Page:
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Technology has always found its greatest consumer in a nation's
war and defense efforts. Since the last attempts at a "Star Wars"
defense system, has technology changed considerably enough to make
the latest Missile Defense initiatives more successful? Can such an
application of science be successful? Is a militarized space
inevitable, necessary or impossible?
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(1119 previous messages)
- 01:29pm Apr 5, 2002 EST (#1120
The risks to the whole world are great enough that heads of
nation states ought to be paying attention, and asking questions.
The "missile defense" muddle-fraud ought to be a good place to start
asking questions, because the deceptions are so blatant and so
- 01:38pm Apr 5, 2002 EST (#1121
Ken STARR was looking into the Carlyle - Conflict of Interest
matter - impeachment - Village Voice August 2001 .... his
attention's slipped !?!
And the rest of America - too busy fawning to the Texas Cowboy!
- 01:47pm Apr 5, 2002 EST (#1122
US today signalled a significant shift in its handling of
the Middle East crisis, saying it is willing to open discussions
on Palestinian demands before the current violence is brought
under control http://www.abc.net.au/lateline/s521255.htm
- 02:10pm Apr 5, 2002 EST (#1123
On issues of missile defense, the question of fraud, and other
forms of systematic deception, aren't the only questions. But they
are questions that need to be adressed.
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How do we get facts accepted ?
There needs to be some decency - some sense that, when stakes go
beyond a point, getting right answers is a moral obligation.
That kind of decency is lacking today.
- 03:04pm Apr 5, 2002 EST (#1124
Sometimes things get better. It can happen quickly. Russia is in
far better shape than she was last March -- see "Muddle in
Russia, under Putin's leadership, has faced up to problems it
actually had, and moved forward in sensible ways.
What would happen if the United States used the resources it
had more effectively? What if we made decisions with more of the
honesty and competence that the rest of the world hopes for, and
expects from America ?
We could have better security. Both because of increased military
effectiveness and because we'd be more respected and less hated..
And if we took some of the resources now squandered on programs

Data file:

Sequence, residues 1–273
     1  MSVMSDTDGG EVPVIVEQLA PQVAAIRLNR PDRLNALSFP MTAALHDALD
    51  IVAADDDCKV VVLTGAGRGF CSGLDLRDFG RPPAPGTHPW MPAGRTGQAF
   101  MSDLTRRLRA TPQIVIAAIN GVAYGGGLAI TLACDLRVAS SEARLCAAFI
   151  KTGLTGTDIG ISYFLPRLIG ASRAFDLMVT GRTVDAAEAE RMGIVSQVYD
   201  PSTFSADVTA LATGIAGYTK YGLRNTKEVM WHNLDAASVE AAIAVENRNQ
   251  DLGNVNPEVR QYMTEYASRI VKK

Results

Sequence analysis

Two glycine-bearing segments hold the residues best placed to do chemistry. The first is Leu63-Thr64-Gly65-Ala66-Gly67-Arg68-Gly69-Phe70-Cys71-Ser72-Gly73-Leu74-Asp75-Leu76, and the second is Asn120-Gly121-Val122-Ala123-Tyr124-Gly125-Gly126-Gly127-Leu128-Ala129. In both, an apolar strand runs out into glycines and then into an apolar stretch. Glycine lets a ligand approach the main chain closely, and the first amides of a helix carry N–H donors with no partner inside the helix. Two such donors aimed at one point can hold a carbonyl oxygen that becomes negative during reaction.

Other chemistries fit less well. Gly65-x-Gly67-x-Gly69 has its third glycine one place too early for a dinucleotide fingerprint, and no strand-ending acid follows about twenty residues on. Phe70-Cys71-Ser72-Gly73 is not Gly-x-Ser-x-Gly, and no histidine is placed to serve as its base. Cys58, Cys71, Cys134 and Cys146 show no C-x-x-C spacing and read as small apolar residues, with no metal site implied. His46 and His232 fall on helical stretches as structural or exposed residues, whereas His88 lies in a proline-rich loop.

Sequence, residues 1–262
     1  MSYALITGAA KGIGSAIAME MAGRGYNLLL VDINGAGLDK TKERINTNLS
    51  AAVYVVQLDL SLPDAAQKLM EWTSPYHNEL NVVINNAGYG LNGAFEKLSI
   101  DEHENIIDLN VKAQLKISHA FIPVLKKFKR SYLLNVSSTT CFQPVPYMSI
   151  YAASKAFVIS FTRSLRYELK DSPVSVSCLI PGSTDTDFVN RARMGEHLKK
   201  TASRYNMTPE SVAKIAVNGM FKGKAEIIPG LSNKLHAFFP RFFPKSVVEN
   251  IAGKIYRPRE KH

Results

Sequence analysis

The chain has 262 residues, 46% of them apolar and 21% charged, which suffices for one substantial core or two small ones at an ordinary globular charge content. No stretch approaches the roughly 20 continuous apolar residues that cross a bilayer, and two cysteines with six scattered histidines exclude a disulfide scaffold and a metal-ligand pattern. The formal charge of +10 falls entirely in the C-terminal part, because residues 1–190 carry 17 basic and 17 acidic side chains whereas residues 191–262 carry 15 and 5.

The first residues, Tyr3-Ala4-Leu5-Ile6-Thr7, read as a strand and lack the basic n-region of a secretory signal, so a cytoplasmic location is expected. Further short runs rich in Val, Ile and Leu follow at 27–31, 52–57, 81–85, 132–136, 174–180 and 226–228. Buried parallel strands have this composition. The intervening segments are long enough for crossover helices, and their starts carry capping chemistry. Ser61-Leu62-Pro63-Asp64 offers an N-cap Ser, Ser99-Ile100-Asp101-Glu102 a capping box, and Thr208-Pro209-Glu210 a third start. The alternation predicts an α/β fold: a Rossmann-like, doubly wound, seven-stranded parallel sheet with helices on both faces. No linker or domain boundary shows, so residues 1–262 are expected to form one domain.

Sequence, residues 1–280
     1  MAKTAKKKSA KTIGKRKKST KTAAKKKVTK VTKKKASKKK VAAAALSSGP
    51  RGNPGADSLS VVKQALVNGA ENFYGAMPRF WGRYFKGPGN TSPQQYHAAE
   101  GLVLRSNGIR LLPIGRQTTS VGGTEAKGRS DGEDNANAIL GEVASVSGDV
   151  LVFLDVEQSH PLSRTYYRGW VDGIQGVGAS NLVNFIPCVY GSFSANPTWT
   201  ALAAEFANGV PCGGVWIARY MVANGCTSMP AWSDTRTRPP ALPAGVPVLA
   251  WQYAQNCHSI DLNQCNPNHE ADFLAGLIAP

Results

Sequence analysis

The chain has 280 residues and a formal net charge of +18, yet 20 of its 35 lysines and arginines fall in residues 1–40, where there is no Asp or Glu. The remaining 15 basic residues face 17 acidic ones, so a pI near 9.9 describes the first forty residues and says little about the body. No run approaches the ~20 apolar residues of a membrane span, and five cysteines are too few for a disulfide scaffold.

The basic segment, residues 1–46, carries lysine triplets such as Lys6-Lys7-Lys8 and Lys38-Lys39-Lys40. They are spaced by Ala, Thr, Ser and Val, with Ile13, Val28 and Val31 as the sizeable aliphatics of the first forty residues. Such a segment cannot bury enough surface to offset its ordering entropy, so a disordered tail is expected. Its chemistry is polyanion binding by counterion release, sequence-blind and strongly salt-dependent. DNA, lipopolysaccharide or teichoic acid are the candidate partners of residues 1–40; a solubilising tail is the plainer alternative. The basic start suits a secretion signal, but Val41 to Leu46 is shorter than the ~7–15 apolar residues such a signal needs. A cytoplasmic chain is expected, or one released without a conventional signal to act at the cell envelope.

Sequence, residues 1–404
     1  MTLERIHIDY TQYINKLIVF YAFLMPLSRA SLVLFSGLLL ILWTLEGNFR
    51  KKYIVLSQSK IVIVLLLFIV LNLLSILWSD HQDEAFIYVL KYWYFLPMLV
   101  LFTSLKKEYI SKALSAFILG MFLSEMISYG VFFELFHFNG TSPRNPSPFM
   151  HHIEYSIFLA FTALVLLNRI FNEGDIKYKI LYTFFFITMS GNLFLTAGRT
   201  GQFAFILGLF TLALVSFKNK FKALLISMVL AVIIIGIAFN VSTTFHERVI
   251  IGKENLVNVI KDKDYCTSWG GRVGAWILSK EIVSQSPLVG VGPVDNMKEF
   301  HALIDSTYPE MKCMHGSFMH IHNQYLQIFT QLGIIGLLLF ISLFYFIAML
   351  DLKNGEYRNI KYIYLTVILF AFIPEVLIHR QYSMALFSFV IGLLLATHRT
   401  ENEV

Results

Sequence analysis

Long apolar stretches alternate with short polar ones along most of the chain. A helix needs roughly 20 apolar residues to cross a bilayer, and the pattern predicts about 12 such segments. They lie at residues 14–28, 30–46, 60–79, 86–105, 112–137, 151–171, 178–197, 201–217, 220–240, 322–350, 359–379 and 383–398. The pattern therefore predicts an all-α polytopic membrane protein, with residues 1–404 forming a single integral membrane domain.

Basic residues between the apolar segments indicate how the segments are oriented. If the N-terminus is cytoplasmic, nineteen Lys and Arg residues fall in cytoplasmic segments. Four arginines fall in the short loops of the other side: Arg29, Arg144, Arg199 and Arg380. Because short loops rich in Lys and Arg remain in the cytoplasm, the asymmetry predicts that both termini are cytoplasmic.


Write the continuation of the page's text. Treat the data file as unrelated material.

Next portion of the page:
that can't possibly work, and spent them on real national needs -- a
lot might get done. We might get a long way toward solving both the
world's long term energy shortage, and global warming, if we
redeployed money now wasted on "missile defense" programs that have
absolutely no chance of working.
If the US was more honest about its problems, we'd also
have a better chance of getting other people in the world to solve
theirs, and to attend to our notions of morality.
- 05:47pm Apr 5, 2002 EST (#1125
The 21st century is starting off badly for America....beginning
with that infamous Clinton/Marc Rich sell-off of presidential power;
the constitutional crisis re: Bush's election in Florida; the Enron
scandel manifesting the corruption of American system to its core;
the 9/11 attack on NYC; $300 billion forced march toward NMD
nirvana...the list is long and the problem is beyond the individual
personalities (i.e. Bush, Clinton, Skilling, etc).
And now, the American foregin policy with Bush Jr. at its helm is
facing the most important crisis of all.....rejection of American
leadership in both Western Europe and East Asia. The signs are not
yet too obvious but they are slowly but surely making strategic
decisions that run contrary to the US leadership in their regions.
After all, much of American power was "given" unto it and what was
once given can be taken away....consensus creeps on you and before
you realize it, it would be a reality on the ground. I apologize for
sounding too vague in this posting but.....to quote rshow's dictum
"connect the dots".....here are some dots.......Europe's decision to
deploy Galileo GPS system; Japan's go-alone decision on key military
programs (i.e. H2 and reconn. satellite programs) and its China
plan; China's rapidly progressing independent space program and the
development of the continental economy; Islam rage against America
(a Zionist colony in their book)......Well, no wonder I almost miss
Bush senior lately. He was in many ways the last of the "tribe" that
led the American century. Is there hope on the horizon? Looking at
the crops of American leaders today, one has to be a bit depressed.
- 05:57pm Apr 5, 2002 EST (#1126
Character precedes visions in my opinion. While being sympathetic
of your lamentations re: distorted priorities, they are the natural
fruits of the fact that the collective American character has been
much distorted first thanks to Hollywoodization of American politics
and media for the last 30 years of 20th century........Americans
love NMD because it fits their collective imagination molded by
Hollywood and the "instant culture." Diplomacy and negotiations are
for sissies and most of all boring. Teh babyboomer politicians lack
the backbone of those tough souls who grew up during the
depression....I am sounding way too depressing today, my apologies.
Maybe Rshow's enlightening ideas of hydrogen-based fuel system or
aquacultural solution to world hunger will lighten my spirit ? So
spill the beans, rshow, how can aquaculture program feed hungry NKs,
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